if (x > 0) {
                            x += getHgap();
                        }
                        x += d.width;
                        rowh = Math.max(rowh, d.height);
                    } else {
                        rowh = moveComponents(target, insets.left + getHgap(),
                                y, maxwidth - x, rowh, start, i, ltr,
                                useBaseline, ascent, descent);
                        x = d.width;
                        y += getVgap() + rowh;
                        rowh = d.height;
                        start = i;
                    }
                }
            }
            moveComponents(target, insets.left + getHgap(), y, maxwidth - x,
                    rowh, start, nmembers, ltr, useBaseline, ascent,
                    descent);
        }
    }

    public FixedFlowLayout() {
    }

    public FixedFlowLayout(int align, int hgap, int vgap) {
        super(align, hgap, vgap);
    }

    public FixedFlowLayout(int align) {
        super(align);
    }

}
share|improve this answer
    
Yes, kleopatra, this piece of code illustrates it nicely. It looks beautiful with L-to-R and horrible with R-to-L. (For those of you want to try it. You should repace the run method in my original post with kleopatra's. Also, please note the kleopatra's MatteBorderCO is my Xyzzy.) So, if this really is a bug, do you have any idea how I can get around it? –  oz1cz Dec 7 '11 at 12:52
    
One additional observation on the output from kleopatra's code: As far as I can see, the inner JPanel is positioned in the location where the "hole" in the outer JPanel would have been if the layout had been L-to-R rather than R-to-L. –  oz1cz Dec 7 '11 at 13:04
    
Thanks for the update, kleopatra. I'll be testing it shortly. –  oz1cz Dec 7 '11 at 13:52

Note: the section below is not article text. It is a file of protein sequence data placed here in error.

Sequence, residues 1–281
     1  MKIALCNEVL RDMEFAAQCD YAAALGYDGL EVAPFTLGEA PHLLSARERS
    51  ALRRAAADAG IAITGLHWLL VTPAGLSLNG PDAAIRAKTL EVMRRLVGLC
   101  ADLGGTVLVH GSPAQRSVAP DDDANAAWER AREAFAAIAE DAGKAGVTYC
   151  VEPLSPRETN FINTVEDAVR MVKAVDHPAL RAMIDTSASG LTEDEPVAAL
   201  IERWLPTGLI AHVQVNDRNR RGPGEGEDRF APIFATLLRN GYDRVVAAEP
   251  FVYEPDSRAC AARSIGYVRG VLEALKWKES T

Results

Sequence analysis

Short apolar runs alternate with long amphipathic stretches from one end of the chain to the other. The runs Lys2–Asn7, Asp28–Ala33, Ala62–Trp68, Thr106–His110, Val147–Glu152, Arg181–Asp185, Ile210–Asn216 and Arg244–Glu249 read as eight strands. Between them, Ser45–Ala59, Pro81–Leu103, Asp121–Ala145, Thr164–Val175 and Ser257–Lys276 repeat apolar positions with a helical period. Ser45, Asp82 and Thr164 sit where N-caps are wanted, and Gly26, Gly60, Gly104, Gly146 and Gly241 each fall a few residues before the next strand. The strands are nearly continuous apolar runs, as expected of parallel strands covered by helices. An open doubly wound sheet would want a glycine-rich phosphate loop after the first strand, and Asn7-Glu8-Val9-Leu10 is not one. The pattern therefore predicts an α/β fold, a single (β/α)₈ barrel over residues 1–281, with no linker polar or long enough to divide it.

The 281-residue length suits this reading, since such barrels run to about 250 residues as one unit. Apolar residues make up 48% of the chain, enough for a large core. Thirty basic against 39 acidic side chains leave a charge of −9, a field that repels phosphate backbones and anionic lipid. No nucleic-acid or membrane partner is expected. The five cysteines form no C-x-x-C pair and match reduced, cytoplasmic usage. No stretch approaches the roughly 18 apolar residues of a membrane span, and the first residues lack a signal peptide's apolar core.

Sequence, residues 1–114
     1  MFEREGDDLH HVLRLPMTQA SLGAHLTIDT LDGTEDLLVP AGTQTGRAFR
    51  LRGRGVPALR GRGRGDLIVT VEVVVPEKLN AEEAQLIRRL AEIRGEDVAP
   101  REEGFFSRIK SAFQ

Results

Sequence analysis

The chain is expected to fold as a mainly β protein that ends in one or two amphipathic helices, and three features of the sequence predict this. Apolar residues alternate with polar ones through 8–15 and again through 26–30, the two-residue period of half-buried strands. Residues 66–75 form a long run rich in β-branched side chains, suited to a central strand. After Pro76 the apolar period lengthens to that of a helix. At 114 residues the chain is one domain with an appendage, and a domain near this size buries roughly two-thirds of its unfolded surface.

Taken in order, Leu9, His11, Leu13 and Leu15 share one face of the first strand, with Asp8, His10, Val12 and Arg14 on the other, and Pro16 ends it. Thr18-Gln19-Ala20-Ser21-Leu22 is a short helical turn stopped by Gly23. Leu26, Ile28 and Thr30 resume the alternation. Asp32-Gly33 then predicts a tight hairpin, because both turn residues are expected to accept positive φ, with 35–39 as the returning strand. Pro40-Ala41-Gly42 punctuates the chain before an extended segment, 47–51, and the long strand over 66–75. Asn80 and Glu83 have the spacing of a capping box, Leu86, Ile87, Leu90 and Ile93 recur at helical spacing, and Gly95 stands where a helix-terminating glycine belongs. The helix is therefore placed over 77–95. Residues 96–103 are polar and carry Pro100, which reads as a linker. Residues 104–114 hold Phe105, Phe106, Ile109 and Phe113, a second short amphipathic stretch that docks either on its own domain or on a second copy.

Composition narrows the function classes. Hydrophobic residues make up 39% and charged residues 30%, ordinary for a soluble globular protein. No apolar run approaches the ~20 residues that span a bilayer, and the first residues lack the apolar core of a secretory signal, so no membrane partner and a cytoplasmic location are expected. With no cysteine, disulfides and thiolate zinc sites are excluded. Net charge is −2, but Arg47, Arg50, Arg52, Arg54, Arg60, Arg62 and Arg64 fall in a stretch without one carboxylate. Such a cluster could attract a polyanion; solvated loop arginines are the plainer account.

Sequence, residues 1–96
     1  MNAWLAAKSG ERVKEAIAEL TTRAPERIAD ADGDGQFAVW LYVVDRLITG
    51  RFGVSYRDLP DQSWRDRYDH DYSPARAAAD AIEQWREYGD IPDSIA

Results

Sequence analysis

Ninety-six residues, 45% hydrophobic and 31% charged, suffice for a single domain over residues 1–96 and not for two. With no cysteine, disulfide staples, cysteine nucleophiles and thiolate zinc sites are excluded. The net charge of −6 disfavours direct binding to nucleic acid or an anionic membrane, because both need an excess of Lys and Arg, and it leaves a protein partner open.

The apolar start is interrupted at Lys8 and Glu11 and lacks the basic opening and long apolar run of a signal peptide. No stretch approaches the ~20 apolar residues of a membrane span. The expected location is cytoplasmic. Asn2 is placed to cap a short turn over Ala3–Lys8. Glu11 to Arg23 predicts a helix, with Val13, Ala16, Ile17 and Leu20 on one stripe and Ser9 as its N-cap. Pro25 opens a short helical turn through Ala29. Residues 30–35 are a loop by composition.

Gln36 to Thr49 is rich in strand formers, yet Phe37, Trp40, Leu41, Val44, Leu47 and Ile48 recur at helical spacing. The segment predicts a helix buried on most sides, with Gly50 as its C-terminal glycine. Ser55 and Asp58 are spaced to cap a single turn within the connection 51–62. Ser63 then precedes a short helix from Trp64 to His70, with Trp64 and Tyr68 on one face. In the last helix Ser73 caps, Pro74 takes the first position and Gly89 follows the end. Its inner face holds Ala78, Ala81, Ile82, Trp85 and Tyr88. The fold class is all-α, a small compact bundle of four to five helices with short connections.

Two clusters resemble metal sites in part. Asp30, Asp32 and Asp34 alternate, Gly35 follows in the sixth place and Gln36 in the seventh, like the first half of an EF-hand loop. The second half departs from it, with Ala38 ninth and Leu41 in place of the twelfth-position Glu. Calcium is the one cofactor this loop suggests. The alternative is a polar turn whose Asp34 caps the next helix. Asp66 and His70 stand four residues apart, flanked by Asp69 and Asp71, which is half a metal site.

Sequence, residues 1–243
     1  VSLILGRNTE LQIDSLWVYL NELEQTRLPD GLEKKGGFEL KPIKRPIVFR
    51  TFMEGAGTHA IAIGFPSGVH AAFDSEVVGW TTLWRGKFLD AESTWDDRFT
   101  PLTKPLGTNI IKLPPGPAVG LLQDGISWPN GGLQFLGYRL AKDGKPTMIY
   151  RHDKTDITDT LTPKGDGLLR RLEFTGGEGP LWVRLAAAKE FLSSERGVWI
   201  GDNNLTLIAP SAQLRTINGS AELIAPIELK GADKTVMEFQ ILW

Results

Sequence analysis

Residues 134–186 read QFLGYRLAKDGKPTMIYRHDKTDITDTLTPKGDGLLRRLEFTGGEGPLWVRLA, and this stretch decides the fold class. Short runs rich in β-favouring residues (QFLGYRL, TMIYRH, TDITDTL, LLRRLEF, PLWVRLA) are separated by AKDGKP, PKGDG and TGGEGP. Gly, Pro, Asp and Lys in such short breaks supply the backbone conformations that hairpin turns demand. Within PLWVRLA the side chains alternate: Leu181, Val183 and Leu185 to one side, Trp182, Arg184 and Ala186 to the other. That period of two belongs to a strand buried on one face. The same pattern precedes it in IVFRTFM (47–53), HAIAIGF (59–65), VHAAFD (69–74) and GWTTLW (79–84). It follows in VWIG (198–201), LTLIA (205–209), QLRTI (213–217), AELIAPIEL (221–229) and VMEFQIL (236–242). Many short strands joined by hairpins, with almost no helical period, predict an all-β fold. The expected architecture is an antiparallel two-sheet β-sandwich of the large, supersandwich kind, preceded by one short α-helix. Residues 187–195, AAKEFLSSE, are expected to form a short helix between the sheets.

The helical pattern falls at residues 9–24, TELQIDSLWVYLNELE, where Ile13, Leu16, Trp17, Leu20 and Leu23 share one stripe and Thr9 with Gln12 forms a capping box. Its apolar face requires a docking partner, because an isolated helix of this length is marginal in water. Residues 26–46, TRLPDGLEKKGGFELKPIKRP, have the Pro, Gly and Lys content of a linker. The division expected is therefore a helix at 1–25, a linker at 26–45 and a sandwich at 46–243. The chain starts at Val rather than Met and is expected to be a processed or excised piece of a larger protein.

@ClausTøndering - careful: the assumed fix wasn't good enough. Sorry! –  kleopatra Dec 7 '11 at 14:01
    
Okay, also I'm having some very basic problems here: How do I compile and use a java file which is part of package java.awt without having to compile everything in java.awt? –  oz1cz Dec 7 '11 at 14:08

I think I found a way to solve the problem. (I'm basing the following on kleopatra's modified code.)

The trick is to insert an intermediate JPanel between the outer and inner JPanels. Keep the outer JPanel L-to-R and make the intermediate and inner JPanels R-to-L. You also need to specify zero-width gaps on the layout of the outer panel.

import java.awt.*;
import javax.swing.*;
import javax.swing.border.Border;

public class Xyzzy extends JFrame{
    public static void main(String[] args) {
        javax.swing.SwingUtilities.invokeLater(new Runnable() {
                public void run() {
                    Xyzzy frame = new Xyzzy();
                    frame.setDefaultCloseOperation(JFrame.EXIT_ON_CLOSE);
                    frame.setLayout(new FlowLayout()); 

                    frame.add(createRToLPanel(50, 100, true));
                    frame.add(createRToLPanel(100, 100, true));
                    frame.add(createRToLPanel(100, 50, true));

                    frame.setSize(600, 600);
                    frame.setVisible(true);
                }


                private JPanel createRToLPanel(int leftInset, int rightInset, boolean matte) {
                    JPanel outer = new JPanel();
                    Border asymBorder = matte ? 
                        BorderFactory.createMatteBorder(20, leftInset, 20, rightInset, Color.black) :
                        BorderFactory.createEmptyBorder(20, leftInset, 20, rightInset)    ;
                    outer.setBorder(BorderFactory.createCompoundBorder(
                                        asymBorder, BorderFactory.createLineBorder(Color.RED)
                                        ));

                    JPanel intermediate = new JPanel();
                    outer.setLayout(new FlowLayout(FlowLayout.LEADING,0,0)); 
                    outer.add(intermediate);

                    JPanel inner = new JPanel();
                    inner.setBackground(Color.YELLOW);
                    inner.setBorder(BorderFactory.createLineBorder(Color.BLUE));
                    inner.add(new JLabel("RToL1"));
                    inner.add(new JLabel("RToL2"));

                    intermediate.add(inner);
                    intermediate.applyComponentOrientation(ComponentOrientation.RIGHT_TO_LEFT);

                    return outer;
                }


            });
    }
}

In this code I add two JLabels to the inner JPanel to prove that the orientation really is R-to-L.

Silly, silly. But if this really is a bug, I can get around it in this manner.